Guest columnist Fred Watson writes that Biden administration plans to set minimum staffing levels for nursing homes is unworkable.
The Biden administration is expected to soon issue a federal minimum staffing mandate for long term care facilities as a remedy for the nursing home sector’s labor shortage. In theory, it seems well intentioned, but in practice, it’s unworkable.
I know the ins and outs of the long term care industry having served as an administrator at several nursing homes and as leader of the state association that represents the industry. I know the realities that nursing homes across Georgia and the country are facing, and I know this proposed mandate will only exacerbate existing problems and hurt our seniors’ access to care.
Nursing homes are already doing all that they can to rebuild their workforce, but the health care sector broadly is facing a nationwide labor shortage. Nursing homes have been affected the worst. Nationwide, nursing homes need nearly 200,000 workers to return to pre-pandemic staffing levels, but there is a limited number of interested workers who are qualified to fill the many open positions.
Current staffing shortages are forcing many nursing homes to limit resident admissions. This creates a ripple effect across the entire health care system. Hospital patients who are waiting to be discharged to a nursing home to rehabilitate are left waiting days, weeks and in some cases, months to be discharged to a nursing home because there isn’t a facility available with the staffing capacity to take them.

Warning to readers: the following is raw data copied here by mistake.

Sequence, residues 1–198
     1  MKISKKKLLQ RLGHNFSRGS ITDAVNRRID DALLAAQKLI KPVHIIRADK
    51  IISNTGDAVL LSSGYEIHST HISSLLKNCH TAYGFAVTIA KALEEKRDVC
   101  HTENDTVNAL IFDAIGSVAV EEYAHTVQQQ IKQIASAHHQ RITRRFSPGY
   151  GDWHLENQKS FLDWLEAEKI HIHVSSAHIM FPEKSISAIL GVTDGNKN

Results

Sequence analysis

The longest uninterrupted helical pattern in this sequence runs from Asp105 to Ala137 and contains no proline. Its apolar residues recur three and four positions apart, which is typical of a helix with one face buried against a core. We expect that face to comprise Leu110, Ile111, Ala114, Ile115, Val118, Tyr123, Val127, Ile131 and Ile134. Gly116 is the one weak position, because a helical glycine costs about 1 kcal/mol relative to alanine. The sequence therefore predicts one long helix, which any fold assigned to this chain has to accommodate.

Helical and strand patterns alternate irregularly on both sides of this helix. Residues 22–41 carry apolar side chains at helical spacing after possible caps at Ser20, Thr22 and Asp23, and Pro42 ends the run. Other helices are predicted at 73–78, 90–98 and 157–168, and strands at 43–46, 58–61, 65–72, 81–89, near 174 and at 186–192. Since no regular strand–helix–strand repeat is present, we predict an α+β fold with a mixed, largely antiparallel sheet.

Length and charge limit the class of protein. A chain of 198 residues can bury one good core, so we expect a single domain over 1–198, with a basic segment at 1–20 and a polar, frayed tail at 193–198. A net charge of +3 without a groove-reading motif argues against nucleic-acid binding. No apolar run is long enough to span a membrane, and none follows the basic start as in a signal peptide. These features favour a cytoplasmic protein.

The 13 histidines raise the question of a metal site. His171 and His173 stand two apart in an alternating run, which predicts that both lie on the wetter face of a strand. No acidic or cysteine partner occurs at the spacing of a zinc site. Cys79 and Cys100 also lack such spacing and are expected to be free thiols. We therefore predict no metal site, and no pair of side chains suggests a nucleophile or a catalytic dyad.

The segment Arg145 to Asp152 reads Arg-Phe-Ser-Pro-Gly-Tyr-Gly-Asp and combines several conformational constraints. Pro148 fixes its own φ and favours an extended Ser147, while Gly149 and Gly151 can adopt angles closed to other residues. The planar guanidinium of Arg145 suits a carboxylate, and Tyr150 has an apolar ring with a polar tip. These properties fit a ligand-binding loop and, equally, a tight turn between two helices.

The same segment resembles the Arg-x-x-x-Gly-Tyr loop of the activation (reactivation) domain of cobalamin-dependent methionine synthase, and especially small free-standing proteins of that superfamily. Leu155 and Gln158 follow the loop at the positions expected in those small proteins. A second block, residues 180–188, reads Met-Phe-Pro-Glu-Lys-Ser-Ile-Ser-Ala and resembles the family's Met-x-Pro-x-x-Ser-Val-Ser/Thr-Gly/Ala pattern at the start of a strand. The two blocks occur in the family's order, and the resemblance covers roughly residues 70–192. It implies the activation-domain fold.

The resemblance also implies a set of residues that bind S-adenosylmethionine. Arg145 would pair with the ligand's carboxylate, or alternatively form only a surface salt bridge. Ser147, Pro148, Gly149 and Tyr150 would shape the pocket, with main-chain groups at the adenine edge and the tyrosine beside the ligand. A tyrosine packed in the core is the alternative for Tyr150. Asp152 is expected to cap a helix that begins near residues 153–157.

A federal minimum staffing mandate does not take our current circumstances into account. If it did, the Biden administration would understand that requiring facilities to meet an arbitrary staffing ratio during a historic labor shortage of workers is unattainable. Not to mention, the mandate comes with no federal resources to aid in hiring efforts, which would further strain our underfunded facilities.
Georgia already has a state minimum staffing requirement for certified nursing assistants (CNAs). Duplicating efforts with a federal mandate does not consider what individual states may already be doing. A blanket federal staffing regulation will only hurt nursing homes and limit access to care for those who need it the most.
The Peach State is also getting older. Our state’s median age has risen 4% over the last decade, much higher than the 2.7% national increase, meaning more people will eventually need long term care. If we want to make sure our elderly loved ones have access to the high-quality care they need, strengthening the long term care workforce has never been more important.
Our lawmakers should be prioritizing and investing in the long term care workforce. They can do this by supporting policies that help us build a strong labor force of dedicated caregivers. Policies that incentivize workers to join the long term care sector, such as forgiving student loan debt, offering tax credits, affordable housing and even childcare assistance, are smart ideas that will actually make a difference.
Our nursing homes need help, but not in the form of a one-size-fits-all federal mandate. Georgia’s seniors deserve better, and our lawmakers in Washington have a duty to help. Senators Warnock and Ossoff should stand with our seniors and work with the long term care industry on collaborative and meaningful solutions.
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